Lee  Culpepper

Dear Senator McCain,

Without knowing you personally, I have judged you rather harshly during your campaign based on what I consider some lousy decisions in your past and public service. In forming those judgments, however, I did not consider the full-time job I have trying to make the right decision all the time myself. We should all probably look very closely in the mirror before condemning someone else, especially regarding decisions in his distant past. For failing to practice what I know is wise, I sincerely apologize to you.

I am an every-day guy, Senator McCain. I realize that the blessings in my life are owed to God, family, country, and fellow Americans. I am proud to have served America as a Marine. And today, I am trying to inspire young people to make the most of the opportunities America provides them. I believe I have discovered my “Greater Cause” in contributing to the lives of students and in encouraging them to rely on facts, not feelings.

During your convention, you offered many encouraging words and facts. Among them, I heard you say, “I will keep taxes low and cut them where I can… I will cut government spending… Keeping taxes low helps small businesses grow and create new jobs. Cutting the second highest business tax rate in the world will help American companies compete and keep jobs from moving overseas…Reducing government spending and getting rid of failed programs will let you keep more of your own money to save, spend and invest as you see fit.”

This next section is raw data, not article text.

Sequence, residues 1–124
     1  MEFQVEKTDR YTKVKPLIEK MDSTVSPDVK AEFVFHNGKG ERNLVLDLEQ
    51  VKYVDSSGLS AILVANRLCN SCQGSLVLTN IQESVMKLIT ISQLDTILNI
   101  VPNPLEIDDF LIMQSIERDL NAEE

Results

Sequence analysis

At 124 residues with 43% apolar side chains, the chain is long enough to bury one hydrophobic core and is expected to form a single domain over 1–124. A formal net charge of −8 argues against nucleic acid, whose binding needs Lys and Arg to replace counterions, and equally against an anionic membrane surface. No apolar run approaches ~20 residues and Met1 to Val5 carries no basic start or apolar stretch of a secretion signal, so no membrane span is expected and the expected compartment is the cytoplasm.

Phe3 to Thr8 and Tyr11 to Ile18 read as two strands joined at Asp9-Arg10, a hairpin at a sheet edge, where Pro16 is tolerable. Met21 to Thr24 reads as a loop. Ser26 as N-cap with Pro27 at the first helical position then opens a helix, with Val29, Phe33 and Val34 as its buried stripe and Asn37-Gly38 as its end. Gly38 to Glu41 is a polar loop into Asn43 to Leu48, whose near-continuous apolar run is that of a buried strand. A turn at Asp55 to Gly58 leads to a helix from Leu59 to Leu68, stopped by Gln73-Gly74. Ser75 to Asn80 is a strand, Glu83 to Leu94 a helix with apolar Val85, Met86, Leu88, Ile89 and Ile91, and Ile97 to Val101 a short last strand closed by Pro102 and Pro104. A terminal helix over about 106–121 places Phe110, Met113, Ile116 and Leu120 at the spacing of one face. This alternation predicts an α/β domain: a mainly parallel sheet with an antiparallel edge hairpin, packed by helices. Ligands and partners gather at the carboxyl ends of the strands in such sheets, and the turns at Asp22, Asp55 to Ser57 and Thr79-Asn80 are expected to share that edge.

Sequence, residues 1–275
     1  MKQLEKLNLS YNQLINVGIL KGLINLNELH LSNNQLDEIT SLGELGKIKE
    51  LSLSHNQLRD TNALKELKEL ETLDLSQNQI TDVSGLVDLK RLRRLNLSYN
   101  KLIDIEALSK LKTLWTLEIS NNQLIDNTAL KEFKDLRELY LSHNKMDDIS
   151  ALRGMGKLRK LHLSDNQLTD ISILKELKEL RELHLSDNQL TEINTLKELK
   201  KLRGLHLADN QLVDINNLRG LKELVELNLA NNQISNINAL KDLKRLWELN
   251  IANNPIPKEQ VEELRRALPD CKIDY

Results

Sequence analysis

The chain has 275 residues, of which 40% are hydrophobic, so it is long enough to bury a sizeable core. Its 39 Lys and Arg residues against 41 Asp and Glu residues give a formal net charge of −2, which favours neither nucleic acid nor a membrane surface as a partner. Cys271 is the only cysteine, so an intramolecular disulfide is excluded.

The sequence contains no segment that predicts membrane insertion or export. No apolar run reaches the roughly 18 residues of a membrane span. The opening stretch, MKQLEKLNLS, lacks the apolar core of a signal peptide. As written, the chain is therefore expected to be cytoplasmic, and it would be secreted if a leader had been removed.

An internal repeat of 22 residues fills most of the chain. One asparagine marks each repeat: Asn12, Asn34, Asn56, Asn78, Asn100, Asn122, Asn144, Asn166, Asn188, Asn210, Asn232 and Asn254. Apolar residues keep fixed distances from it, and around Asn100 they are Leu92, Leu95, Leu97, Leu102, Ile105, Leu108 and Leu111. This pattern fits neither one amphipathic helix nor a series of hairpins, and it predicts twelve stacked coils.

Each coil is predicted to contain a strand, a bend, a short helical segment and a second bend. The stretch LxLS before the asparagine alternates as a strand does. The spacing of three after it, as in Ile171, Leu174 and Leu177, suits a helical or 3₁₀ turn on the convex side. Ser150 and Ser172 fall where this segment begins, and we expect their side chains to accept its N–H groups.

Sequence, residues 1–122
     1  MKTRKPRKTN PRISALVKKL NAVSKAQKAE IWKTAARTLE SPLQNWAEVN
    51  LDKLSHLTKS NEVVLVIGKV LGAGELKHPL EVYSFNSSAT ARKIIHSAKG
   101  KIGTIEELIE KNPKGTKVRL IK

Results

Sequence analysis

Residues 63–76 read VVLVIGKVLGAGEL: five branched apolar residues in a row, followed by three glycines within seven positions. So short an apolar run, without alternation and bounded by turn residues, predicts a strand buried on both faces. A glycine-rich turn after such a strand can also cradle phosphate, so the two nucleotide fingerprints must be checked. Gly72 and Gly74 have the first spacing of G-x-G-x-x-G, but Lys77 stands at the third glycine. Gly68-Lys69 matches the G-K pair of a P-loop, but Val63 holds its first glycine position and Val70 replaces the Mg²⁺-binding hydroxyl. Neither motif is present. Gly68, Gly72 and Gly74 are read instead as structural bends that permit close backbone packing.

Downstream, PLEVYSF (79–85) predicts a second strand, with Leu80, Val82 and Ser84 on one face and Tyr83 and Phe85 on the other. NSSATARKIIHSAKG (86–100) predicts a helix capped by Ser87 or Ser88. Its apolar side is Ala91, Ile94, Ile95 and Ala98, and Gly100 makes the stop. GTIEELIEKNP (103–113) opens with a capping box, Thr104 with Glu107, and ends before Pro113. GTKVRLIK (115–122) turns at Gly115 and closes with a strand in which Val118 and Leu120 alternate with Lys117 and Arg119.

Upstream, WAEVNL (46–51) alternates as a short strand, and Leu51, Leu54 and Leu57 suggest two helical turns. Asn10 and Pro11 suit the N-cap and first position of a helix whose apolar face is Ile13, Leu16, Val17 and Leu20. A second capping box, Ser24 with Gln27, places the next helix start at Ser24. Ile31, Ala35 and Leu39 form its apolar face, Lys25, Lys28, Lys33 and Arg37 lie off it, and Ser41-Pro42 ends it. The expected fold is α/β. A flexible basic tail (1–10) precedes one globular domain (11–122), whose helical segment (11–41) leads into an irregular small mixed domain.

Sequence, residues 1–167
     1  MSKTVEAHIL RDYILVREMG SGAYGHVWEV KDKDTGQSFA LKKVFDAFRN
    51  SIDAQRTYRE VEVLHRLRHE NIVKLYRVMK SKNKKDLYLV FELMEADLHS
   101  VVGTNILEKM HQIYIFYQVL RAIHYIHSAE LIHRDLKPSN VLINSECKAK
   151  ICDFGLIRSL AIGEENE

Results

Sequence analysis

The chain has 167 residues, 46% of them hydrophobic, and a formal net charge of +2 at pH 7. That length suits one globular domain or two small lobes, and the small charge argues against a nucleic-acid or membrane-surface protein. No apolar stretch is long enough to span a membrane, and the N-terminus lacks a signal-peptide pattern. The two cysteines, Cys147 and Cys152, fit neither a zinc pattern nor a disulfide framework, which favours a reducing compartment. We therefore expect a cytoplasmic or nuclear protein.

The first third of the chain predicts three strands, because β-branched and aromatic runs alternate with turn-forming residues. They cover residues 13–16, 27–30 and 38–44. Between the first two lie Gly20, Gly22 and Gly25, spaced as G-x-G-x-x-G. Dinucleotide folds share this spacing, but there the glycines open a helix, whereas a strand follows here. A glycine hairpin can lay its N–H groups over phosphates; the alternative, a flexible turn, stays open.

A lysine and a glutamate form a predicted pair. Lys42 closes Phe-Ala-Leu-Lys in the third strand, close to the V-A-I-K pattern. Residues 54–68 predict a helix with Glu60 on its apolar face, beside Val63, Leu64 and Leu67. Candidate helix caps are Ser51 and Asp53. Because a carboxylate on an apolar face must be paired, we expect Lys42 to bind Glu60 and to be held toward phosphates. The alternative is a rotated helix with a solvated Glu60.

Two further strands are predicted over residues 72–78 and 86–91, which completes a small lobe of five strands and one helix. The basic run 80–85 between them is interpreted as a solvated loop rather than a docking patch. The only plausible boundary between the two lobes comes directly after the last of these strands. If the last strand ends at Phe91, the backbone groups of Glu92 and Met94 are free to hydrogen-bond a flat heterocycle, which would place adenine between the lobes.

Senator McCain, your opponent is planning to ruin our country by increasing taxes so that he can pay for more failed government programs. He knows his government programs will not succeed, but they will win him votes from people who think America owes them something. I know you do not favor harsh interrogation methods, but it is past time for you to unveil why you are not Mr. Congeniality in Congress. Take your opponent to task for his tax plans to wreck our great country.

I am not an accountant or tax lawyer, just an average guy. I think part of the problem with our tax code is that ordinary guys with common sense did not write it. Americans do not need more cockamamie solutions from self-proclaimed liberal geniuses with Ivy League degrees. We simply need easy-to-understand, easy-to-implement solutions for common folks.


Lee Culpepper

Lee Culpepper is a recovering high school English teacher and former Marine. He currently teaches firearm courses and has resumed his passion for writing.